Report: How is EdTech Enhancing and Disrupting Publishing?

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Words by Chris Russell, photos by Katrina Hopewell

Education and technology came under the spotlight at October’s Byte The Book, in a lively discussion chaired by Alex Hardy of law firm Harbottle & Lewis. The panel comprised Joseph Noble of Oxford University Press, Pamoja’s Darren Hughes and Caroline Wright of BESA (the British Educational Suppliers Association), all sharing ideas on the various ways in which “EdTech” is enhancing and disrupting the publishing industry.

SpeakersBTBOctOur panel (from left to right): Alex Hardy (Chair), Darren Hughes, Caroline Wright and Joseph Noble.

Alex began by asking for clarification on what EdTech actually means in the current day and age. Caroline mused that “it’s actually very difficult to define”, pointing out that the term encompasses everything from digital and curricular content to hardware, computer systems and virtual learning environments. “Basically,” she said, “it’s anything technological that furthers learning”, and its influence is growing year on year. By 2020, the global market is estimated to balloon from $68billion (where it stands today) to somewhere in the region of $250billion. Meanwhile, in the UK, we already spend around £60K per state secondary school on EdTech facilities, employing it for at least fifty per cent of the average lesson time.

Sponsors and BibliotechFrom left to right: our sponsors Alex Hardy and Sam Purkiss of Harbottle and Lewis chatting to Byte the Book members Sara Schumann and David Sherwood of Bibliotech.

Such a rapidly growing industry presents teachers and schools with innumerable implementation obstacles, and this is where companies such as Darren Hughes’ Pamoja come in. Pamoja promotes learner-centric tools and platforms for the education sector, and its courses are the first of their kind to be approved by the International Baccalaureate examination board. The company offers EdTech solutions to all manner of problems – challenges around teacher supply, for example, or assisting schools with small class sizes (if a school only has, say, five students wishing to study a particular subject, in the past that may have been an insurmountable roadblock, but EdTech offers ways around it). Similarly, Joseph Noble’s work at Oxford University Press is helping to thrust one of the oldest publishers in the world to the very forefront of the EdTech sector. He spoke of an initiative known as “truckside learning”, for instance, that OUP are currently rolling out in Indonesia. Connectivity in rural Indonesia remains relatively poor, but this project brings the education to the children by sending teachers around the country in purpose-built “education trucks”. The benefits of this are wide-ranging, explained Joseph, commenting that “it’s not just the content that’s important, but the human interaction with the teacher”.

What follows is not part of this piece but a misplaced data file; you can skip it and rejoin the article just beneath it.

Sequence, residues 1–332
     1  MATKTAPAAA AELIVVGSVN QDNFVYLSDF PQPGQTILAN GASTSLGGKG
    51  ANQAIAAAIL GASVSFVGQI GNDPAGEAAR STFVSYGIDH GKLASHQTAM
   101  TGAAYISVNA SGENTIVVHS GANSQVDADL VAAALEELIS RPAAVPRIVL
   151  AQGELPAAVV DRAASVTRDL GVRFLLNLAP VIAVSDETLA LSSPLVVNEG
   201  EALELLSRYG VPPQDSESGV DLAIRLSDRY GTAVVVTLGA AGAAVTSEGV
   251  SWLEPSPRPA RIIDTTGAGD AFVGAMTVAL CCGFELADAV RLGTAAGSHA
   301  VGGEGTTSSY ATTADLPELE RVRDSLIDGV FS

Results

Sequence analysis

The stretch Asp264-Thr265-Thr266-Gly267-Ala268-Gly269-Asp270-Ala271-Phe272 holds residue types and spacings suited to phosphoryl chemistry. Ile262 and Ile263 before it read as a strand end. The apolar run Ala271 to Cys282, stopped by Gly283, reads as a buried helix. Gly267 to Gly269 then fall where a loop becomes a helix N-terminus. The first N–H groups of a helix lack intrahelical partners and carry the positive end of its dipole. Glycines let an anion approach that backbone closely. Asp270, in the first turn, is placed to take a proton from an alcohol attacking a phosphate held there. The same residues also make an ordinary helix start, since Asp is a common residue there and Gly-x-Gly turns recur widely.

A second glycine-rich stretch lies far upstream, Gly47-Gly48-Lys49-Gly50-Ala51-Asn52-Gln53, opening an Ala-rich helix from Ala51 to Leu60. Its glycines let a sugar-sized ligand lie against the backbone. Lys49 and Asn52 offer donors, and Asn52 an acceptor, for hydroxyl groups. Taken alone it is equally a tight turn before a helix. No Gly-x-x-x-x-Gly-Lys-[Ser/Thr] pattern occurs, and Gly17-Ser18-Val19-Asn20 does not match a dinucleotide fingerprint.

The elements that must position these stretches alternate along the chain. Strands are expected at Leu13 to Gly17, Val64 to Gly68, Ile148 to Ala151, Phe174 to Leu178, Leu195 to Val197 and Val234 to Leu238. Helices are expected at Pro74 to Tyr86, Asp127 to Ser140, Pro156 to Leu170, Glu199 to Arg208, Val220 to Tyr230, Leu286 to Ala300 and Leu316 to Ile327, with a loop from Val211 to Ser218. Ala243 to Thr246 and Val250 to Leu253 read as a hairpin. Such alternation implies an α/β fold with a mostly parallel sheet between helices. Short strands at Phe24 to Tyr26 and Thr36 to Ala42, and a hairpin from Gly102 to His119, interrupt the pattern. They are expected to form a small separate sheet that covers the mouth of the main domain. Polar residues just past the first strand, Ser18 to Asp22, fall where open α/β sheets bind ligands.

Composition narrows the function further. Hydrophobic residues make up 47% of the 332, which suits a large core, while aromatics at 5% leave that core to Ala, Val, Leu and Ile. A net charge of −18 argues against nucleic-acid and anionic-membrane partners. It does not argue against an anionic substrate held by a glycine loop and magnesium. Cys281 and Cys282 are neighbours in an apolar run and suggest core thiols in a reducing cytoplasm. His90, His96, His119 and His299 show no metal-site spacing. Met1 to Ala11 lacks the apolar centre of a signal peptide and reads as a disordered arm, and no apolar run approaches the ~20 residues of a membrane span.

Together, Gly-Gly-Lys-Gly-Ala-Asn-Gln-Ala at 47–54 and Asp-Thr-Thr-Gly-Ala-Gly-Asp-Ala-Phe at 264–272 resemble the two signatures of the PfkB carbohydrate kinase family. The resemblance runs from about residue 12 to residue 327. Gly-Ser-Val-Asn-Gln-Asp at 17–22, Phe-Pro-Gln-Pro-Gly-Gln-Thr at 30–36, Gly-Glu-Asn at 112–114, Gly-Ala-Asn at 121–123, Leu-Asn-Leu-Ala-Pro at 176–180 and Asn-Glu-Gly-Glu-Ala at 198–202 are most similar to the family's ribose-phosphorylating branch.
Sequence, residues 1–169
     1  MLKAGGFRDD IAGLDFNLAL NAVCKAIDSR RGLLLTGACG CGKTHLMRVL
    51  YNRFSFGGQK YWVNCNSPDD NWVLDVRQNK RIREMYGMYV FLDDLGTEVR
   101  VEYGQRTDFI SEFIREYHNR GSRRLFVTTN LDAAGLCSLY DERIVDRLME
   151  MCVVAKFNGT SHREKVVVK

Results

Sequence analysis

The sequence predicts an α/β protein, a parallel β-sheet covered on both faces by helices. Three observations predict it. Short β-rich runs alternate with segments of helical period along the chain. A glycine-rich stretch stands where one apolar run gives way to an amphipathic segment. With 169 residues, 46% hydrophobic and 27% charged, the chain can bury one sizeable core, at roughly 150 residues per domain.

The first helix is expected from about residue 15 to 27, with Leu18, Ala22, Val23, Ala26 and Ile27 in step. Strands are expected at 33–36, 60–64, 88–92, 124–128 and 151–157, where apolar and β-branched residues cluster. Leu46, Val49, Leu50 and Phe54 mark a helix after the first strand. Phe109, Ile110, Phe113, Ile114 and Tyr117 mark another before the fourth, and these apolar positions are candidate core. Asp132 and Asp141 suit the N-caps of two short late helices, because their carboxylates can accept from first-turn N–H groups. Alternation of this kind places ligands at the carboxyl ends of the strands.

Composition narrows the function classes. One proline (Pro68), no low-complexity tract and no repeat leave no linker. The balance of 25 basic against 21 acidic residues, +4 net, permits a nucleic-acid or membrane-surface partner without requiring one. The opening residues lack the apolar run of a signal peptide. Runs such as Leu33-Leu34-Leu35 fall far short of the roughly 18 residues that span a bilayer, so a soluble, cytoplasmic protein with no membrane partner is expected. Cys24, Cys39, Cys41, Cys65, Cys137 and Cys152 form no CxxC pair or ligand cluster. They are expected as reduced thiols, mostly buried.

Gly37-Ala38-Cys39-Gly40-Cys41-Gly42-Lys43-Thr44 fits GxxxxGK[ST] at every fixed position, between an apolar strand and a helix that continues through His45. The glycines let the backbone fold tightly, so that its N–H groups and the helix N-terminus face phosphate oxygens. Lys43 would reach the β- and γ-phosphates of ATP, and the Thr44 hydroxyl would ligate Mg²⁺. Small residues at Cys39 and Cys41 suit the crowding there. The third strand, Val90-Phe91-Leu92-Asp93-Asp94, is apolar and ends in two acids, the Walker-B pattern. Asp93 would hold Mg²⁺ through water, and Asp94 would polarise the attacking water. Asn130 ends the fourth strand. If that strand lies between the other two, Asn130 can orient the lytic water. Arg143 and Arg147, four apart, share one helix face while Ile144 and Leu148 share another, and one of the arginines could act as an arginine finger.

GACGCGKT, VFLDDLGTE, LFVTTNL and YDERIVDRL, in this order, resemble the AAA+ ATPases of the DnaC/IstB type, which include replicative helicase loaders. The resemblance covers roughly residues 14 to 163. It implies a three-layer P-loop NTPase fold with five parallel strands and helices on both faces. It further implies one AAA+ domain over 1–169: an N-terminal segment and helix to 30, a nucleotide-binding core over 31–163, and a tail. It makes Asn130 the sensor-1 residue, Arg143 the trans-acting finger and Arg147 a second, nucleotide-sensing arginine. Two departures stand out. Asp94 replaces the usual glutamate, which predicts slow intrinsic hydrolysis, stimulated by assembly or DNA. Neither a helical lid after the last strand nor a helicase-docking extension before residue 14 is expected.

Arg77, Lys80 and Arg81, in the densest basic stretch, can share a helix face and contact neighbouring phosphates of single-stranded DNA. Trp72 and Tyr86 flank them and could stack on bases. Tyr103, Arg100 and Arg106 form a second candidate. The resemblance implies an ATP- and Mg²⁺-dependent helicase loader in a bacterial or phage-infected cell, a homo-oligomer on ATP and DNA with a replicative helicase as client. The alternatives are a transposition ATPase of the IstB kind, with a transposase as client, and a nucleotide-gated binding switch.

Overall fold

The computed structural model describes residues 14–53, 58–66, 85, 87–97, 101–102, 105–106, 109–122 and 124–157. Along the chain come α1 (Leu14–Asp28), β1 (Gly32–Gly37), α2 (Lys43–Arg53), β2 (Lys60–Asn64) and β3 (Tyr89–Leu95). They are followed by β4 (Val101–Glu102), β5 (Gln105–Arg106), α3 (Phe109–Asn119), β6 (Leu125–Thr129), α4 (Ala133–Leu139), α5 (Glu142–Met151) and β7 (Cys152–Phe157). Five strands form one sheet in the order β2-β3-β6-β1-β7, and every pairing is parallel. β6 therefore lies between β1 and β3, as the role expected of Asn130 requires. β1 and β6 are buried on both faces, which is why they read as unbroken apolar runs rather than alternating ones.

PackedByteWe had another full house, listening to our brilliant panel in the Gennaro Room at The Groucho Club.

So, asked Alex, for those interested in pursuing opportunities in the EdTech universe, what are the main challenges? “Finding the balance between simplicity and flexibility is tricky”, said Joseph, “and no one’s quite got it right yet”. Darren pointed out that “teacher advocacy is a challenge”, and Caroline agreed. The majority of teachers, she suggested, still put most of their trust in peer-to-peer recommendations, so figuring out ways in which schools can effectively communicate with one another is key.

NetworkingByteIn true Byte the Book tradition there was plenty of networking to be had before and after the talk.

Finally, argued Caroline, many EdTech schemes rely heavily on the rigour of their teacher-training. “The products are only as good as the teachers that deliver them”, she concluded. In other words, as is often paradoxically the case with technological advances in the publishing industry, it’s nurturing the human element at the centre that’s the secret to long-term success.

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